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Intense rescue effort begins

Second of eight parts

By Douglas A. Campbell

INQUIRER STAFF WRITER

POINT PLEASANT, N.J. - There was no Mayday call.

There was only the tense voice of Capt. Edward McLaughlin coming through the VHF radio in the wheelhouse of the clam boat Danielle Maria, telling first mate Larry Kirk that McLaughlin's vessel was taking on water "big time."

Kirk squeezed the microphone knob and asked McLaughlin for the position of his boat, the 84-foot steel quahog dredger Beth Dee Bob.

McLaughlin responded with coordinates from his Loran, an electronic plotting device. The figures placed Kirk and the Danielle Maria 15 miles to the southeast of McLaughlin. It was 5:40 p.m. on Jan. 6, 1999, off the New Jersey coast. The sun had set. The temperature was dropping. And snow flurries blew in steady 30-knot winds that took the foam off the tops of a heaving sea.

Kirk entered McLaughlin's coordinates into his autopilot on the Danielle Maria. Then his boat, which had been traveling west and taking hard shots against the port bow from 10-foot waves and occasional 15-footers, turned to the north. With the same big waves rolling the 110-foot dredger from side to side, Kirk steamed toward his stricken friend.

It had been five minutes since McLaughlin's call, so Kirk hailed him on the VHF. He tried Channel 66, one of the frequencies mariners use for nonemergency conversation, and got no answer. He turned to Channel 70, where clammers who worked for PMD Enterprises of Cape May sometimes carried on their idle chatter. Again, there was no reply.

Concerned, Kirk switched to Channel 16, a frequency restricted to hailing other vessels and emergency communications. After 10 minutes with no luck, he radioed the U.S. Coast Guard station at Manasquan Inlet, in Point Pleasant, and provided the Beth Dee Bob's coordinates.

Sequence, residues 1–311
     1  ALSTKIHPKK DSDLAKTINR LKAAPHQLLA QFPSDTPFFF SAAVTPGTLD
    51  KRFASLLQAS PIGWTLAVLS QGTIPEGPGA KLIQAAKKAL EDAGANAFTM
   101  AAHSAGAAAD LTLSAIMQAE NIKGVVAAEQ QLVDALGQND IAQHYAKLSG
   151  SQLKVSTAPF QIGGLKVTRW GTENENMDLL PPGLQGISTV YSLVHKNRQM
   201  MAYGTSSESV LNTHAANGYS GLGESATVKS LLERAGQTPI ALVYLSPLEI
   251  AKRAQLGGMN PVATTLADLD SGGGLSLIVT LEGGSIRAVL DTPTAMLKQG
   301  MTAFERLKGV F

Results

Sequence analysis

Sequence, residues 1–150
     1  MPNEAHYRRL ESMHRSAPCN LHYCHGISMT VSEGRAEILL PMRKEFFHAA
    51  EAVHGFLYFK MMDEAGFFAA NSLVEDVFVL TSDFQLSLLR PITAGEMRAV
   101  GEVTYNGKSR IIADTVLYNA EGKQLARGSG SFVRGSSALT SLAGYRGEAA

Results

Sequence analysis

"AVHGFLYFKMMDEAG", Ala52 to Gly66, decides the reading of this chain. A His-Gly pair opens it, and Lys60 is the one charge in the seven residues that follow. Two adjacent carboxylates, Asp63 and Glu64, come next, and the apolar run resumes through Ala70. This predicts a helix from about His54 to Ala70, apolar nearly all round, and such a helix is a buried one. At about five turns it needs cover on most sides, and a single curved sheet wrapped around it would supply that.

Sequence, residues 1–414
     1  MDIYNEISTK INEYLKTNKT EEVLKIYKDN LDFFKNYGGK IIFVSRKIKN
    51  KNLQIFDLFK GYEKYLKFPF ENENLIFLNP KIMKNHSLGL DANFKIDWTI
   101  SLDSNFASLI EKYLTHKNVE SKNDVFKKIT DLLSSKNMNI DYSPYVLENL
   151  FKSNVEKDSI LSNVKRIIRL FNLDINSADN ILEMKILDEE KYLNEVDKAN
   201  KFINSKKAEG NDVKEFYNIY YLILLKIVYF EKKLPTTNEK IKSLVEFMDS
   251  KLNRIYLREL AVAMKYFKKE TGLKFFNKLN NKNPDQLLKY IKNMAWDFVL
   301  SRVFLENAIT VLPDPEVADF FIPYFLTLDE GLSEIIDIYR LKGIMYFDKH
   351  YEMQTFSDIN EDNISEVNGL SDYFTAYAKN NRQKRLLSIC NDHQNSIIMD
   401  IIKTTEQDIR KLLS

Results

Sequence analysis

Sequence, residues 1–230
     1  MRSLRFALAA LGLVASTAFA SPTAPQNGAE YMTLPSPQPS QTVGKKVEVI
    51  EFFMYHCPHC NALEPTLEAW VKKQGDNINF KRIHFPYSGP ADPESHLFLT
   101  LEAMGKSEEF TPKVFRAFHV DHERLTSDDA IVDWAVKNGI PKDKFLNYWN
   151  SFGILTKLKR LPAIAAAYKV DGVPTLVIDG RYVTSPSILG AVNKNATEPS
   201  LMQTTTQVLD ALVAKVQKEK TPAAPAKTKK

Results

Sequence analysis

Things happen fast on the water. Storms that the National Weather Service hasn't predicted and can't track build up in minutes. And fishing boats - little floating factories laden with their catch - can, once they are in trouble, sink in minutes, sometimes in seconds.

Anyone who knew McLaughlin, 36, knew he would try first to save his boat and then to survive. He had a lot to live for.

Until his son, Liam, was born two years before, McLaughlin was like many commercial fishermen: "They party hearty; work hard, come into the dock and drink hard," said John Graziosetta, 49, a mechanic who maintained the Beth Dee Bob. With a boy at home, McLaughlin now "had focus."

If the worst had happened - if the Beth Dee Bob's crew had to abandon ship - the best possible outcome would be that the four men had time to get into their survival suits, that their life raft had automatically deployed from its canister atop the boat's wheelhouse, and that they were tossing in that violent sea, the orange penlight-sized strobe lights attached to their chests flashing their positions.